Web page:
From the Streets of NYC: Palestine Will Be Free!
Solidarity rallies were held in New York City last week as hundreds showed their support for the Palestinian struggle against Israeli occupation and violence. The rallies were a response to the slaughter of Palestinian protesters at the fence marking the border of Gaza.
May 22, 2018
Several hundred protesters demonstrated Friday in New York City’s Times Square against the recent massacres of unarmed Palestinians at the border between Gaza and Israel in the past few weeks. Organized by the NY4Palestine coalition, the rally was also a condemnation of the relocation of the U.S. embassy to Jerusalem.
Trump’s announcement that he would be moving the U.S. embassy to Jerusalem prompted reactions from disapproval to outright condemnation on the part of international governments, including those of U.S. allies. The announcement was a particularly provocative assault on the rights of Palestine due to Jerusalem’s importance for Muslims in addition to the brutal violence enacted by Israel against Palestinian residents of Jerusalem following the Six Days War. What resulted from the then-upcoming inauguration of the embassy was an intensification in Israeli military oppression of Palestinians, specifically in Gaza. It was as if the increase in the U.S. government’s public support was read by the Israeli military as encouragement to step up its attacks on unarmed protesters.
The Great March of Return
March 30 of this year marked the annual commemoration of Land Day in 1976, when a general strike and marches erupted in Palestine as a result of the announcement of the Israeli state’s seizure of thousands of acres of Palestinian land.
Beginning on Land Day this year, in part as a result of the impending relocation of the U.S. embassy, Palestinian protesters engaged in the “Great March of Return,” demanding the Right of Return for Palestinian refugees, who have been living under Israeli military occupation in Gaza for over 50 years.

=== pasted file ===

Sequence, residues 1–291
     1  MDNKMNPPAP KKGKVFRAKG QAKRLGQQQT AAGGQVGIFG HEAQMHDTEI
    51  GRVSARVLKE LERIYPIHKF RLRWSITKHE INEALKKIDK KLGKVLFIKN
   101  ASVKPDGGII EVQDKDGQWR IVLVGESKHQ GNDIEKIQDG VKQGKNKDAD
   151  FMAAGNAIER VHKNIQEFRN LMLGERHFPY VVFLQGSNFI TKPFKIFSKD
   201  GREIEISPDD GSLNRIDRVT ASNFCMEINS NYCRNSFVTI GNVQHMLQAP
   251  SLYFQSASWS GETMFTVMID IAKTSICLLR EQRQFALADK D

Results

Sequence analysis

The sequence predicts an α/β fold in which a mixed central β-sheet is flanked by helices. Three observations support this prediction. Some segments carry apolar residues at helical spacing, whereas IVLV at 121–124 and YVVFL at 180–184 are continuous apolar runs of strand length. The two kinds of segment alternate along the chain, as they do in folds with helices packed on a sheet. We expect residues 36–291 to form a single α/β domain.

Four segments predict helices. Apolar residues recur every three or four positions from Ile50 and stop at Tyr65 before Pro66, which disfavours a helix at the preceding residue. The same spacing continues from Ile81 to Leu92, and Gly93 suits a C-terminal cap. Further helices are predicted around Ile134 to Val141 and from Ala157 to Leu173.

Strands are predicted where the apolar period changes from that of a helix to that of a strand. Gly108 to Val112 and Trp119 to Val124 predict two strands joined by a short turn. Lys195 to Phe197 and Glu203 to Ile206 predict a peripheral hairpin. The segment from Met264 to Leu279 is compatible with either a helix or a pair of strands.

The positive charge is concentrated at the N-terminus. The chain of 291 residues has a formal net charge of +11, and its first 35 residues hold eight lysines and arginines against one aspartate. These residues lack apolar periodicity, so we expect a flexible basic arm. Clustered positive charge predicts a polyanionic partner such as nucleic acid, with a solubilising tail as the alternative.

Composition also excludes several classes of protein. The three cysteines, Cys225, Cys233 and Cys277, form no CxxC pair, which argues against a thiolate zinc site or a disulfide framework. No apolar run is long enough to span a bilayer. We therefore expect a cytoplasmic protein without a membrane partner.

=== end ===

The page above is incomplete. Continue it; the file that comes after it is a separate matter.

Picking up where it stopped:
In this latest manifestation of the continuation of Al Nakba — meaning “the catastrophe,” which began in 1948 when Israel announced Declaration of the Establishment of the State of Israel, signalling the violent expulsion of hundreds of thousands of Palestinians from their homes — Palestinian resistance in Gaza was met with armed force against unarmed protesters. 17 Palestinians were killed and 1,400 were injured by Israeli forces.
IDF steps up murders of civilians
As the assaults on the protesters intensified, photographer Yasser Murtaja was shot by the Israeli Defense Forces, despite the fact that he was wearing body armor with highly-visible marks identifying him as press. He died of his wounds on April 6, a week after the Land Day commemorations. The last footage he ever filmed includes injured people being carried on stretchers to makeshift medical facilities and Israeli soldiers pointing guns at masses of civilians.
As the new embassy was inaugurated on Monday, the IDF marked the occasion by shooting thousands of Palestinians. At least 60 people were killed, including at least six children under the age of 18 (one as young as 14), and an estimated 2,700 were injured by Israeli snipers. This raised the death toll since the beginning of the Great March of Return to 113 (including 15 children) and the number of wounded to 12,000.
Zionist media response